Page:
The U.S. and U.K. leaders found themselves in troubling waters on Tuesday. Here is your brief rundown.
Tuesday was a monumental day for both sides of the pond in the U.K. and in the U.S. as the leaders of both countries have found themselves in rather deep waters. On the same day, the U.K. Supreme Court ruled that Prime Minister Johnson’s proroguing of Parliament was unlawful, and U.S. House of Representatives Speaker Nancy Pelosi announced a formal impeachment inquiry of President Trump after Ukrainian corruption scandal.
Let’s Talk About The Trump In The Room
And it’s a particularly heinous one at that.
U.S. President Donald Trump has this week been embroiled in yet another scandal but this time it’s not going away.
Last month an intelligence community whistleblower filed a complaint regarding a phone call between U.S. President Trump and the Ukrainian President Volodymyr Zelensky on July 25 of this year. The complaint was not shared with Congress by the acting director of national intelligence, Joseph Maguire, even though an inspector general who handled the complaint deemed it “credible” and “urgent”.
The complaint detailed a phone call with a foreigner leader and some sort of “promise” but the details of the complaint have not been publicly released.
It is now believed that President Trump may have promised something to the Ukrainian President for their aid in an investigation into former Vice President and 2020 Presidential candidate Joe Biden and his son, Hunter Biden.
Democratic Presidential Candidate Joe Biden is polling as Trump’s biggest rival so far in the upcoming 2020 Presidential election.
It was later released that almost $400 million in aid funding was temporarily withheld from Ukraine by the White House in the summer. It is thought that this could have been used to coerce the Ukrainian President into complying with Trump’s alleged request for corruption investigations into Joe and Hunter Biden. Trump has since made multiple varying statements as to why this aid was temporarily withheld.
If such events were true then Trump could be found guilty of enlisting a foreigner agency for the purposes of meddling in a presidential election. An allegation which rings eerily familiar to the Robert Mueller investigation between the Russian interference of the 2016 U.S. Presidential election and then Presidential candidate Donald Trump. This also comes after allegations of obstruction of justice following said Mueller report, and profiting off of the presidency after Vice President Mike Pence stayed at a Trump hotel in Ireland nearly 200 miles away from Dublin, where he was set to visit.
As of late, House Speaker Nancy Pelosi (D-CA 12th District) has been famously wary of the prospect of impeaching President Trump, amid fears that it would alienate voters. However, on Tuesday Pelosi announced that the House will begin a formal impeachment inquiry of President Trump amid a rise in calls to do so from one hundred and eighty Democrats (out of the 235-member caucus). Some have even gone as far as calling for drafting of articles of impeachment. It seems that this newest Ukrainian scandal has worn thin the Democrat’s patience and forced Pelosi’s hand.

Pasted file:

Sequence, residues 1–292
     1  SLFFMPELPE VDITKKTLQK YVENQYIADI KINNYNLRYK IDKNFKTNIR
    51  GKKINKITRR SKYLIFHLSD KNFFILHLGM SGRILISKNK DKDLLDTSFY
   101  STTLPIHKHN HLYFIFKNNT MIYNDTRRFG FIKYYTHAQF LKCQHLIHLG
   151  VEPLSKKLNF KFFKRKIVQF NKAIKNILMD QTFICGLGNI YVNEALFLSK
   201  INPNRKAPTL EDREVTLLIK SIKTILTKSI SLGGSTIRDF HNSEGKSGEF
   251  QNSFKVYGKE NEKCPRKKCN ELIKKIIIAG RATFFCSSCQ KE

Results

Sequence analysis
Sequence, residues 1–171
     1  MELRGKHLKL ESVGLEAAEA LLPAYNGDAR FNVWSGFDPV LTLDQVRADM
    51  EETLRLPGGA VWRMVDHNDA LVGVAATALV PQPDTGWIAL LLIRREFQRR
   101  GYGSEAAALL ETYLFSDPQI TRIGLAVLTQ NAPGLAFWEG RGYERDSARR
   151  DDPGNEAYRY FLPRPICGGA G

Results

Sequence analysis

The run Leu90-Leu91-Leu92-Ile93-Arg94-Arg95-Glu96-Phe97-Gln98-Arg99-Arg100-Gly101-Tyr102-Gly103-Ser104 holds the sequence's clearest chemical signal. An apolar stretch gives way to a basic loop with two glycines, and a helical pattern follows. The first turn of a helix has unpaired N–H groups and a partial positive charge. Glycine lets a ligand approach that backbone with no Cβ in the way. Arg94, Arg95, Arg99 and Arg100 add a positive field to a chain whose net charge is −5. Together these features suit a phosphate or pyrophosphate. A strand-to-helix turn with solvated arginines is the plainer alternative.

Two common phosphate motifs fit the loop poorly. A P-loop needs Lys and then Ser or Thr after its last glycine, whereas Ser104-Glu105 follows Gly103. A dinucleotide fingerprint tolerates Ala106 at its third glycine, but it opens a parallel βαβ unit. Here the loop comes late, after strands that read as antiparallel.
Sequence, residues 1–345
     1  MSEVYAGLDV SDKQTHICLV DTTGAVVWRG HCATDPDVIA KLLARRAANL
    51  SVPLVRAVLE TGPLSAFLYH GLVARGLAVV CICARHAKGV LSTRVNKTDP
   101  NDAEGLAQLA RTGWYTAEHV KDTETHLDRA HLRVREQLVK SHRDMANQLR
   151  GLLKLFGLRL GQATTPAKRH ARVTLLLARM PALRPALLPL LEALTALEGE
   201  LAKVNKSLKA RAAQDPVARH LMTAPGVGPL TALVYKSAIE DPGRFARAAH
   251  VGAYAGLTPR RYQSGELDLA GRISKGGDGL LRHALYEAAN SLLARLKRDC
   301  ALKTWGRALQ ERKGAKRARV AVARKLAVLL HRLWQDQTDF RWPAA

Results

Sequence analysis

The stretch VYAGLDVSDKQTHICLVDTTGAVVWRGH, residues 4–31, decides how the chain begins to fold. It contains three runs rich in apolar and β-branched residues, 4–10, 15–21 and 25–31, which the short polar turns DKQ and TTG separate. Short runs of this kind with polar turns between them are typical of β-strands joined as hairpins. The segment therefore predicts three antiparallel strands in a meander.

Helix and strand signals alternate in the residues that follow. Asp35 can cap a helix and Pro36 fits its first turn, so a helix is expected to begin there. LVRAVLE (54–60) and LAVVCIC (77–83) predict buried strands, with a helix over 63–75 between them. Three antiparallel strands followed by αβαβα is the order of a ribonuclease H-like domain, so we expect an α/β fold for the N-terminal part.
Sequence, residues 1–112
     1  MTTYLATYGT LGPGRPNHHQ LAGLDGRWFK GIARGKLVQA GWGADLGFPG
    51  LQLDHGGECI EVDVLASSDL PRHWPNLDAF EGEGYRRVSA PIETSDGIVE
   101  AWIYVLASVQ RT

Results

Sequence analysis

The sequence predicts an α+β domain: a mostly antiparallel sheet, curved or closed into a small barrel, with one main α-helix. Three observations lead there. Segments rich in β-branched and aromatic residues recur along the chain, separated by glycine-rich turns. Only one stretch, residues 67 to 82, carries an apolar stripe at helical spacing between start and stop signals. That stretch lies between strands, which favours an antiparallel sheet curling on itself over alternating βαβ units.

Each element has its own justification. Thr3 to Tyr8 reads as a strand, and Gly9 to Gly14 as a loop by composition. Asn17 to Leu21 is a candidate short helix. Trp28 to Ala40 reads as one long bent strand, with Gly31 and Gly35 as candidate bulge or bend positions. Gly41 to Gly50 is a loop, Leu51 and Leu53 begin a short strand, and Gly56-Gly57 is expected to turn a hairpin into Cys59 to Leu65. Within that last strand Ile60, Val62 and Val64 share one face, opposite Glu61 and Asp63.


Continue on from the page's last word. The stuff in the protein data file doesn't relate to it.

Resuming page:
Meanwhile, President Trump authorised the release of the “complete” and “unredacted” transcript of his July 25 phone call with Ukrainian President Volodymyr Zelensky.
The Unlawful Johnson
And no, we’re not talking about your Snapchat.
Following the U.K. Prime Minister Boris Johnson’s controversial move to prorogue Parliament for five weeks, until October 14, the U.K. Supreme Court heard evidence last week for two appeals: one against the London High Court ruling that this was not a matter for the courts to decide; and another against the Scottish appeals court ruling the prorogation to be unlawful.
Proroguing, or suspending, Parliament is a rather usual thing to do for a new government, so it can outline its policies in a Queen’s speech at the end of the prorogation. However, due to the timing and unusual length of Johnson’s prorogation in the lead up to the October 31 Brexit deadline, many believed he was attempting to stop Parliamentary scrutiny of his Brexit strategy. As is normal, Parliament does not vote on its prorogation, that prerogative rests with the Monarch, on the advice of the Privy Council and the current Prime Minister.
On Tuesday, the U.K. Supreme Court ruled unanimously that PM Johnson’s prorogation was “unlawful” and that his advice to Her Majesty was “unlawful, void and of no effect”.
Speaking from New York, Prime Minister Johnson said on Tuesday that he “strongly disagree[s] with what the justices have found” and that he doesn’t think that “it’s right” but would “respect it”. He went on to say that there is “a good case for getting on with a Queen’s speech anyway” and that the most important thing is that “we get on and deliver Brexit”.
Labour leader Jeremy Corbyn, amongst others, have called for Johnson’s resignation but as of yet PM Johnson has not commented on whether he is intending to resign following the Supreme Court ruling.